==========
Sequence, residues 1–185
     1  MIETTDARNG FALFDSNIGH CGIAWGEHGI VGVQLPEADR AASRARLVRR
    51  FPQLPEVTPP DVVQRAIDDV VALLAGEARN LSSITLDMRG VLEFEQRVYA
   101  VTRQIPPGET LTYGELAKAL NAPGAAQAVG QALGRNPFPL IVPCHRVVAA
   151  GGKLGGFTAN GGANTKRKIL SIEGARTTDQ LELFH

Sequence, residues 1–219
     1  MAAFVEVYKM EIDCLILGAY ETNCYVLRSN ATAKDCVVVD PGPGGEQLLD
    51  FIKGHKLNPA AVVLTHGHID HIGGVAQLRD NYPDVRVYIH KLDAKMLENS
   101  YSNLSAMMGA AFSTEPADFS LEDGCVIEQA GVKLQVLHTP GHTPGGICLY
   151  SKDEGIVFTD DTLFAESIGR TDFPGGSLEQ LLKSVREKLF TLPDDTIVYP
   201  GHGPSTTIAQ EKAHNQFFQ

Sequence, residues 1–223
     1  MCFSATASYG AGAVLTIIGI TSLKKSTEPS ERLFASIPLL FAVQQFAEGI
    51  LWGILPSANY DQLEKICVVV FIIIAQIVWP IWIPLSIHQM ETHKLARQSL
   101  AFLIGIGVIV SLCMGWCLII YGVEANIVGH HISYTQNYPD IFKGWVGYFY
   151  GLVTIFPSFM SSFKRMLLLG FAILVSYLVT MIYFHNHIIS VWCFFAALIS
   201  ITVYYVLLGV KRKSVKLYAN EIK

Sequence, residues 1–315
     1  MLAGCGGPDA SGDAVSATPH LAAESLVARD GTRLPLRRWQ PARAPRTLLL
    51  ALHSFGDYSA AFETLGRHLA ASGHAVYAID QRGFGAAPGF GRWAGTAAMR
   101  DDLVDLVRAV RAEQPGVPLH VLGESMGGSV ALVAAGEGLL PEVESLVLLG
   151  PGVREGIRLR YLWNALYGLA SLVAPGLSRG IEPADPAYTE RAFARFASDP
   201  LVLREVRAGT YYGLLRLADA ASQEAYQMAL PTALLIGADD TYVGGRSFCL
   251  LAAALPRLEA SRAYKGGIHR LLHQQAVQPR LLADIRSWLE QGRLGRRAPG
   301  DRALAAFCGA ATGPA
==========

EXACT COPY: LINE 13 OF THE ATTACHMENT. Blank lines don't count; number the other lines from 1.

     1  MCFSATASYG AGAVLTIIGI TSLKKSTEPS ERLFASIPLL FAVQQFAEGI